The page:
Dancing on the head of a legal pin

Colin Craig’s lawyer, Stephen Mills QC, says they will appeal on the basis that the jury did not consider the argument of qualified privilege.

That is simply dancing on the head of a legal pin.

Here is the problem. The jury was given what is called a Question Trail. That is a trail of questions they need to answer in a logical manner to step them through the legal complexity of defamation law. The judge spent two hours summing up and directing the jury on how to use this Question trail to come to their decisions.

The Question Trail was drafted by Craig’s lawyer, then approved by Jordan’s lawyer and then finally by the Judge. Mills drafted the Question Trail to start with the defence of Qualified Privilege, then move to truth when that failed and then to honest opinion after that.

The Question Trail contained 14 questions, and there were two counts, so the jury had to step through 28 questions and write up their reasoning beside each one and hand that to the judge after the verdict was given.

The first few questions stepped through qualified privilege. They would not have been required to step through any more questions if the jury had considered qualified privilege and decided it applied. They clearly passed through those questions after quite some time…they deliberated for 10 hours. ?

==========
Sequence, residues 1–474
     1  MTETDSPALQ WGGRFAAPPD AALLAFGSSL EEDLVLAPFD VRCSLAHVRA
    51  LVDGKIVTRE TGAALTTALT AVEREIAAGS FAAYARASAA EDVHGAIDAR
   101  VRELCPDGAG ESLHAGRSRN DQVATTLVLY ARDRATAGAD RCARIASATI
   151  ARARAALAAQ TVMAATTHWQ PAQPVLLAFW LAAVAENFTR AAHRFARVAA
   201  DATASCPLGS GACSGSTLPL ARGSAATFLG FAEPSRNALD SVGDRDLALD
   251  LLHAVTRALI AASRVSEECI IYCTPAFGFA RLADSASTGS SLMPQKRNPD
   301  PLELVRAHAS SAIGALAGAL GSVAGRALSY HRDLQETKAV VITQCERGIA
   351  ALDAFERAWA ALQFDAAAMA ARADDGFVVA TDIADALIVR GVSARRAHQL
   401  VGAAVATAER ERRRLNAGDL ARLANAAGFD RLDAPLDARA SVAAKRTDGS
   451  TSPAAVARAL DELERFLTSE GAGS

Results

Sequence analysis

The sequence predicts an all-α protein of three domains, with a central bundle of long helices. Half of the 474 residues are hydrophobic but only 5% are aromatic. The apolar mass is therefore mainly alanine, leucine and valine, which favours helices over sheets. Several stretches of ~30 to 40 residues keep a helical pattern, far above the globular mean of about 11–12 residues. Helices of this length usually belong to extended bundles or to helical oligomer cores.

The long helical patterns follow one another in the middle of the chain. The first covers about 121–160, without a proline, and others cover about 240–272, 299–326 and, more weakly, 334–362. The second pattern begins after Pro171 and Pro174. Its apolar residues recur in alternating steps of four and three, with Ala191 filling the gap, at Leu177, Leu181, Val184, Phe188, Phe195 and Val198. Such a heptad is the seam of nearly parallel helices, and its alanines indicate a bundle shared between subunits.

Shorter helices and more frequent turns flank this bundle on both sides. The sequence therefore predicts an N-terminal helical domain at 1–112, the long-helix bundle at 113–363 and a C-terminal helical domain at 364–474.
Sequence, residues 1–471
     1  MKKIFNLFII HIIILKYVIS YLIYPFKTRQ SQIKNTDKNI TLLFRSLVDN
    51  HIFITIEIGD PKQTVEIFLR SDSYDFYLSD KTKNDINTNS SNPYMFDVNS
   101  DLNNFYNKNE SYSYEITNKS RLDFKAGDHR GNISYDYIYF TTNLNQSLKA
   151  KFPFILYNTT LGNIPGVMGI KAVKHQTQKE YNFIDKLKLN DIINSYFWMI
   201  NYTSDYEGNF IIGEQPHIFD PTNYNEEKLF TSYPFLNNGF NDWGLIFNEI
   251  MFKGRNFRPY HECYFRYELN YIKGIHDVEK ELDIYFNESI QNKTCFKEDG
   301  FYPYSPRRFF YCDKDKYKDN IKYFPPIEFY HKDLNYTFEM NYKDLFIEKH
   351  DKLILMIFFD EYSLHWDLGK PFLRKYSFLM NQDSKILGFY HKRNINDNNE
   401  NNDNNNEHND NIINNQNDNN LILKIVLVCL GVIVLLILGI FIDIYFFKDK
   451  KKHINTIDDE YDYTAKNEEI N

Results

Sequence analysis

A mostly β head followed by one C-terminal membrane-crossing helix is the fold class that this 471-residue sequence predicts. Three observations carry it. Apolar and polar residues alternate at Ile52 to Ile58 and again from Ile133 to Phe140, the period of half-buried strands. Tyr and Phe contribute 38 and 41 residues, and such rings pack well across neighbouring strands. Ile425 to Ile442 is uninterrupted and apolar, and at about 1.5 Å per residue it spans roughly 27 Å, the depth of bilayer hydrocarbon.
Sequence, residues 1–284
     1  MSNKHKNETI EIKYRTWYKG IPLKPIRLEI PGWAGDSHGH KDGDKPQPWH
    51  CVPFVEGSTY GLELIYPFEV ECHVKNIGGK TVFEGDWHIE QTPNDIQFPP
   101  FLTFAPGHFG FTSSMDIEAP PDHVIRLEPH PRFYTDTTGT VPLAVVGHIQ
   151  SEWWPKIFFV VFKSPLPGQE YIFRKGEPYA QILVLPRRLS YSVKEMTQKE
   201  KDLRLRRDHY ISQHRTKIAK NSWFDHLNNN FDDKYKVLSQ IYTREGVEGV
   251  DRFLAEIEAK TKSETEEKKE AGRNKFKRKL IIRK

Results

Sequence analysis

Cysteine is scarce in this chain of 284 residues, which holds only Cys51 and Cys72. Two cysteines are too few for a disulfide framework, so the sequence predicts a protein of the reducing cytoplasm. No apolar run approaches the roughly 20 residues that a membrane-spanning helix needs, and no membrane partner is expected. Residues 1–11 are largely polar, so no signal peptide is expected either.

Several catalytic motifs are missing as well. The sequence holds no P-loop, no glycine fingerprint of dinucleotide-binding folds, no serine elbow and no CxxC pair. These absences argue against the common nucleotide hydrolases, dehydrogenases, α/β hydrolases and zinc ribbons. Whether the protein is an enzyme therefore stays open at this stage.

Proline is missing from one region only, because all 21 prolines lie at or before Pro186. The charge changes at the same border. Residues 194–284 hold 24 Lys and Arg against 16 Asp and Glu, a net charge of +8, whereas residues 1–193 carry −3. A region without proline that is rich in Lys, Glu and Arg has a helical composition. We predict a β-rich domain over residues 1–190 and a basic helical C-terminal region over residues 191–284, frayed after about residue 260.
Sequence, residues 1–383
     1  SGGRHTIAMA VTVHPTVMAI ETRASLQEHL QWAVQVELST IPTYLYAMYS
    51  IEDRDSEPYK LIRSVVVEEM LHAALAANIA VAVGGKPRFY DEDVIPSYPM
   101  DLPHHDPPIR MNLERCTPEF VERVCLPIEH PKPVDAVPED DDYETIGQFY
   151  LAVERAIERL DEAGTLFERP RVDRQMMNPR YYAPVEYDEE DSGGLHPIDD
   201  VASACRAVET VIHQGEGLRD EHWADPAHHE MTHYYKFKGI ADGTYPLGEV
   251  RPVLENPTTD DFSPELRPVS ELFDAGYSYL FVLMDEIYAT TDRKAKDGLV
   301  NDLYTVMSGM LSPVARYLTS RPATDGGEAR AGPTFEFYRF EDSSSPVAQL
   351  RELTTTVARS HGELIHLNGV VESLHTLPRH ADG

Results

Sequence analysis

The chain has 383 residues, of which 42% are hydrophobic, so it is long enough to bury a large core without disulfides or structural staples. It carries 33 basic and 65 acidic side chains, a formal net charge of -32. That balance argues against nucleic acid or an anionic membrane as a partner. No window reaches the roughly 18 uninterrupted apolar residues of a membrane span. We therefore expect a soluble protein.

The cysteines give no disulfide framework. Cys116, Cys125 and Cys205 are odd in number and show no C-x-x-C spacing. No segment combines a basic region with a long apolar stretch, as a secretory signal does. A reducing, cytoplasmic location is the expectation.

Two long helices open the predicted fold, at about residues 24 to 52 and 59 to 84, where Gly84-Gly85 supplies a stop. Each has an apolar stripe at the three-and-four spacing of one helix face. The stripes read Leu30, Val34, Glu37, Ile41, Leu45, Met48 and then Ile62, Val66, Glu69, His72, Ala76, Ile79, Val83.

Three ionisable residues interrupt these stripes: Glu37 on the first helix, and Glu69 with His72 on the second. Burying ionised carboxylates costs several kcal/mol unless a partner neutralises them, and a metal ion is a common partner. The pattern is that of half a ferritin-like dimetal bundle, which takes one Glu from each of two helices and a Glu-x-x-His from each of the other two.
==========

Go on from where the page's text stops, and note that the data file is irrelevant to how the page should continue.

They also stepped through the truth and honest opinion and came to the conclusion that Colin Craig HAD defamed Jordan Williams.

Further, they considered the defamation to be so extreme, so outrageous and so deliberate that they decided to award punitive damages against Craig.

When this gets to the Court of Appeal, Craig is going to find the judges will look at the punitive damages and decide accordingly. Same with the qualified privilege argument. Mills knows they considered it, he would have known that after the jury retired for the night the first day. After that, he would have been counselling his client to prepare for a loss.

Why?

Because in his closing argument he spent precisely two and half minutes explaining to the jury the truth defence, 5 minutes on honest opinion and a massive 40 minutes on qualified privilege. Craig was totally and utterly relying on qualified privilege.

For those who don’t know, qualified privilege can be lost. Firstly if you were motivated by ill will in your response. The evidence was clear on that. Colin was motivated by ill will and the jury must have agreed. The second way to lose qualified privilege is the breadth of the response. Jordan Williams spoke to about 5 people about Craig. Colin Craig thought an appropriate response was to call him a liar in 1.6 million booklets delivered nationwide. Now you can see why the jury decided he lost qualified privilege.

That left truth as a defence, which was gone the moment you examine the Mr X interview. And honest opinion was forlorn as well.

Colin Craig will likely appeal this, but he is also likely to lose that appeal.

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